On Monday the 3rd of April 2017, the ‘Infopoint’ digital information system for the Sculpture Park in the Limassol city promenade was officially handed over to the public in a ceremony held within the grounds of the park.

In his speech, the mayor of the Limassol Municipality, Mr. Nikos Nikolaidis, explained how the city Sculpture Park is one of the most important projects undertaken by the Cultural Services of the Limassol Municipality, serving as a prototype and source of momentum since its establishment for similar actions and sculpture parks to be set up by other Municipalities throughout Cyprus as a whole.

Following the public’s consistent demand to be given additional information about the sculptures, the city Municipality is installing  the ‘Infopoint’ digital information system in the Sculpture Park, in cooperation with the Cypriot company Blupath Ltd.

The system consists of 10 signs, placed along the length of the park, which contain texts outlining the vision behind each sculpture written in the Greek and English languages by Dr. Nadia Anaxagorou, head of the city cultural services, and responsible for the organisation of the 3 Sculptural Symposia in which the park was formed. The texts are accompanied by photographs by the well-known photographer Vassos Stylianou.

The Mayor thanked the company, Blupath Ltd, for designing, fulfilling, and deploying the Infopoint system as an offering to the city. He also thanked the project’s sponsors, which included CYTA as the main technology sponsor, and the companies Askanis Group of Companies, Medochemie, and Remedica, for the support they have given to complete the project.

Following the mayor, Mr. Christos Symeou, on behalf of Blupath Ltd, showcased the information system, explaining how each of the 10 signs included an embedded Infopoint digital information access point, accessible via the mobile phones of visitors, and through which any individual has the ability to receive direct additional information about each sculpture. Each sign is divided into two sections, with the left hand section containing a photograph and the explanatory text of the closest sculpture, and the right hand side containing the digital Infopoint, together with access instructions. This interactive system, prominent within the park, but protective of its aesthetic look, aims to provide previously unavailable information, without affecting the public’s viewing of each sculpture. The digital information access points contain a series of embedded connectivity technologies (RFID, QR Codes, Dynamic URLs, and Bluetooth Eddystone beacons), that allow the transmission of information directly onto the mobile phone of each visitor.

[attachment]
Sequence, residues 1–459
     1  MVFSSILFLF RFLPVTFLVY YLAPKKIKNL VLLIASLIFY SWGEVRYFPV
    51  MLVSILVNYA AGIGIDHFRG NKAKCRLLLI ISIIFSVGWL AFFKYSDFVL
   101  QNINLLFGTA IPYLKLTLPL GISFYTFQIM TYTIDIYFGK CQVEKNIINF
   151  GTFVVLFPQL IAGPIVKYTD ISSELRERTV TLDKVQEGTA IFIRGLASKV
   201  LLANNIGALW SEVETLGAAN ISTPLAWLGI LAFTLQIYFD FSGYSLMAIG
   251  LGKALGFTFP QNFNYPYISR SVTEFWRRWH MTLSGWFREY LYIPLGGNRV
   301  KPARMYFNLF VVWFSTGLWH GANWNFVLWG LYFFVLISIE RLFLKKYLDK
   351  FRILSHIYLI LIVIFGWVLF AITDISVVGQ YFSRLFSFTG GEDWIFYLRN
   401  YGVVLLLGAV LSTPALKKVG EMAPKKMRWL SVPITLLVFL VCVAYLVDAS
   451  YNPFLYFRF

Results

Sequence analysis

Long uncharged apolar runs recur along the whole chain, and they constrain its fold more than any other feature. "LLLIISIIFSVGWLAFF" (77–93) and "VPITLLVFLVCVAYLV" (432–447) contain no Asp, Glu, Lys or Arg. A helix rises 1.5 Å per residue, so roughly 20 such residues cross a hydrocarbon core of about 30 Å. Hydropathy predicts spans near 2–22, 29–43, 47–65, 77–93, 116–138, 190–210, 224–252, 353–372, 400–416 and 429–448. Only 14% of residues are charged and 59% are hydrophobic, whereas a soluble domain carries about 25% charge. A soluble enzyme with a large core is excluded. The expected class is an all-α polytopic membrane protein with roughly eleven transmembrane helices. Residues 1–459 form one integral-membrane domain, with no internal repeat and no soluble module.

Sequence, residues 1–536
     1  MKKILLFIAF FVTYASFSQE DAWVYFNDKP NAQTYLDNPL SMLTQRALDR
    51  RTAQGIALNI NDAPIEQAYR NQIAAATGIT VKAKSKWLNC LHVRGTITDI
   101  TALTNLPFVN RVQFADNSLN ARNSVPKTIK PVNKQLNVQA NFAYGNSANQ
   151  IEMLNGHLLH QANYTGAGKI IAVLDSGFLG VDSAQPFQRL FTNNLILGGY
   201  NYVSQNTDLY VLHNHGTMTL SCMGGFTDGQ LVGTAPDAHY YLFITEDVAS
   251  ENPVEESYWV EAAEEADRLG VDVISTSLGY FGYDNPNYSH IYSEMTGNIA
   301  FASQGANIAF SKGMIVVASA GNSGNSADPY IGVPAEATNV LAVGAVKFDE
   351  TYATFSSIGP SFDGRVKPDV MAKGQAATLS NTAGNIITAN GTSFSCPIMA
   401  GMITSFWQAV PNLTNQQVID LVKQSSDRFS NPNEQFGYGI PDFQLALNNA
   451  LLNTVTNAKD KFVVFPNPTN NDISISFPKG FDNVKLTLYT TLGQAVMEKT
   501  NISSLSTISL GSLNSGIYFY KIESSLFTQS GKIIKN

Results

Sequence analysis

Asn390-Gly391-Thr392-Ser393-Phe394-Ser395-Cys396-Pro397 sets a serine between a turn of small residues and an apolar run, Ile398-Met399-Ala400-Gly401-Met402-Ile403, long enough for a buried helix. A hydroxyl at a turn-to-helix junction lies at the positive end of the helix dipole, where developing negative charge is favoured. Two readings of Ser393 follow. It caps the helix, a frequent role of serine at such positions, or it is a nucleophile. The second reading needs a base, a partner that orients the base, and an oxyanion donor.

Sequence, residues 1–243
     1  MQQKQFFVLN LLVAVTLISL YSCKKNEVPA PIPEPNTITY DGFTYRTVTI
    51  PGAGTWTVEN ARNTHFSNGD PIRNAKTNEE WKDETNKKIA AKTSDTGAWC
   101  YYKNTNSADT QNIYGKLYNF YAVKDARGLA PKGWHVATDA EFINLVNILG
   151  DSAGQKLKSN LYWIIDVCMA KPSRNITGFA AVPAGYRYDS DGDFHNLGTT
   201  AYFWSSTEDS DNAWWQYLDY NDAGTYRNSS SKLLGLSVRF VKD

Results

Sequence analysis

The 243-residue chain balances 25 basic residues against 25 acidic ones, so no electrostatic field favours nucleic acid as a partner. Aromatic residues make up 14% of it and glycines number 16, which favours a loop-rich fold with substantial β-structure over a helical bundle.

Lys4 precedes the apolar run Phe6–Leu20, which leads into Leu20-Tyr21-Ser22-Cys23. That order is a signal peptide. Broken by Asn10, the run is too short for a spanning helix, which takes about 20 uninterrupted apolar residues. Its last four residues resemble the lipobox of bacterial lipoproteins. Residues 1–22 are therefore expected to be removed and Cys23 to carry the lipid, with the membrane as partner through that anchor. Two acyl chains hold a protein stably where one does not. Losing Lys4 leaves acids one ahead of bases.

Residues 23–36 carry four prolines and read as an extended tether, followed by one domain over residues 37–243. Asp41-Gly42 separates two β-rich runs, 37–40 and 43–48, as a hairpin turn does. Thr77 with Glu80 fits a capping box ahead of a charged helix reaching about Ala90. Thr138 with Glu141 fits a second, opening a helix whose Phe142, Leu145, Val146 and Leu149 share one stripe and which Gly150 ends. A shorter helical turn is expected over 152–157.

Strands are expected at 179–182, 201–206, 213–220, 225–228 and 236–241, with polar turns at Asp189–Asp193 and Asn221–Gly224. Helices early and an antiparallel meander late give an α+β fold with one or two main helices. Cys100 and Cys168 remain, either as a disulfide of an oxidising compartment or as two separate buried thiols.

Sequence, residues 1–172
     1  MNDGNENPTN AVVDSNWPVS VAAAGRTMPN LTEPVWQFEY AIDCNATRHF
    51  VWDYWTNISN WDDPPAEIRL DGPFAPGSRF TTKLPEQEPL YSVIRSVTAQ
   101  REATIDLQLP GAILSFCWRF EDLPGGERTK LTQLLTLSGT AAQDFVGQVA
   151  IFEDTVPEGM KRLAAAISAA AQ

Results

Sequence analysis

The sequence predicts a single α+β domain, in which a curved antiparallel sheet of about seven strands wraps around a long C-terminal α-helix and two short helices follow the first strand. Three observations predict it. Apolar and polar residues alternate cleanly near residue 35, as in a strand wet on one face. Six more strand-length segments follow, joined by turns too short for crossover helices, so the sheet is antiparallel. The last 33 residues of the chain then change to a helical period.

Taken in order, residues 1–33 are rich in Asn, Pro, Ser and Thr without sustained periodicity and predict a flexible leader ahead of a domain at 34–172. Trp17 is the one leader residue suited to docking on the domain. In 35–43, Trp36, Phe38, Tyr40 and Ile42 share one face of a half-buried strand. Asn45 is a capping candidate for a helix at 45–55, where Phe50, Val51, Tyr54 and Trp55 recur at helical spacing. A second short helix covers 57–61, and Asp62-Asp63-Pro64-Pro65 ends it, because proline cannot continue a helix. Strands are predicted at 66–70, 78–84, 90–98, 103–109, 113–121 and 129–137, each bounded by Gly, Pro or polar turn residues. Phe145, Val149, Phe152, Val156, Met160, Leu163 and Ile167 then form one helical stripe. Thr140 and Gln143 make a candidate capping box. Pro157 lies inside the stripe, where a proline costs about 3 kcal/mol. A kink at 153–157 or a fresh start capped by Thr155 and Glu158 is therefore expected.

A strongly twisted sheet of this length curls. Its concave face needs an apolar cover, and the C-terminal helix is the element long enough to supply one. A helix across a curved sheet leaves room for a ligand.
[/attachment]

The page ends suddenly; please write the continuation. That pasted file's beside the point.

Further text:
At the end of the ceremony, the Head of the Cultural Services of the Limassol Municipality guided the attendees through a tour of the seventeen sculptures along the promenade, which have already merged with the dynamic of the Limassol coastline, the minds of its people, and the cultural landscape of the city, and of Cyprus as a whole. She stressed how the Sculptural Park is undoubtedly  one of the most important cultural heritage works in the city, that has literally brought the arts into one of its most central and popular locations. The Sculpture park came about through three consecutive Sculptural Symposia organised by the Limassol Municipality in the summers of 1999, 2000, and 2001, which hosted artists working directly within the park from the international art scene, Greece, and Cyprus, leaving behind works made of local stone, metal, stainless steel, reinforced concrete, neon-light, and marble, giving the promenade a special aesthetic standing, and turning public artwork into an element both familiar, and recognizable.